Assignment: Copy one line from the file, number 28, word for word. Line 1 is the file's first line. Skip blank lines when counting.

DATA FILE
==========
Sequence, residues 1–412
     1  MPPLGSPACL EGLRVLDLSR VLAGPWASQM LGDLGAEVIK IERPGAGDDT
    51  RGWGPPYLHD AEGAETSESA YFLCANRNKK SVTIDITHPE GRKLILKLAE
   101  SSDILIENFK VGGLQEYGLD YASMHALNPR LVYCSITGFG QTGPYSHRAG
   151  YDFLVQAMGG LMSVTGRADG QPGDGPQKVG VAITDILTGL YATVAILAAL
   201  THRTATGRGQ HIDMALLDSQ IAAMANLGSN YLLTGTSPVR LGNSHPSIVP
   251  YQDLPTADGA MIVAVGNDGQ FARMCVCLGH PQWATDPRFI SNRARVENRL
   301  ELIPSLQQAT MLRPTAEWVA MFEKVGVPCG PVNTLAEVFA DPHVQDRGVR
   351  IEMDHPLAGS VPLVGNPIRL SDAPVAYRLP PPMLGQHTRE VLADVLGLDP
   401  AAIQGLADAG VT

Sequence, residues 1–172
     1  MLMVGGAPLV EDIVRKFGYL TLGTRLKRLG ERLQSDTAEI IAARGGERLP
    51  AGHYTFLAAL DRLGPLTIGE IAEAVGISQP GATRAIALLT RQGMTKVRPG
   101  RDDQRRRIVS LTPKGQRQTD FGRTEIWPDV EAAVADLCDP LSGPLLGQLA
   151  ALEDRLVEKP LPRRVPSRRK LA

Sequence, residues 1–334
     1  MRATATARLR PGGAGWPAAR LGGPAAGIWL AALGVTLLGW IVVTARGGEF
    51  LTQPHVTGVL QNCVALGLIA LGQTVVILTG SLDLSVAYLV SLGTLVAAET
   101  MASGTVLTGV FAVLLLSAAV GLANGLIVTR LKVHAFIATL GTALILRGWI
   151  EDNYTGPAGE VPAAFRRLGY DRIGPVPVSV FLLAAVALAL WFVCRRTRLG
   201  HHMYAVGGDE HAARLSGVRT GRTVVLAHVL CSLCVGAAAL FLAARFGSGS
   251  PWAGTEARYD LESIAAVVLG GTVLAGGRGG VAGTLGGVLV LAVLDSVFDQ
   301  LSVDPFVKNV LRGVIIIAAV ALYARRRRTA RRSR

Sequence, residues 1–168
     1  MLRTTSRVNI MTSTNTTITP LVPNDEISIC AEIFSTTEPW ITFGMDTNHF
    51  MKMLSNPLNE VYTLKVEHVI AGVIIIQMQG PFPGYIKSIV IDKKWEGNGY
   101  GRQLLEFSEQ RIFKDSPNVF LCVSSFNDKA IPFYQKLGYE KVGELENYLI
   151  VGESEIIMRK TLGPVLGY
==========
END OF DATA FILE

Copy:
   151  VGESEIIMRK TLGPVLGY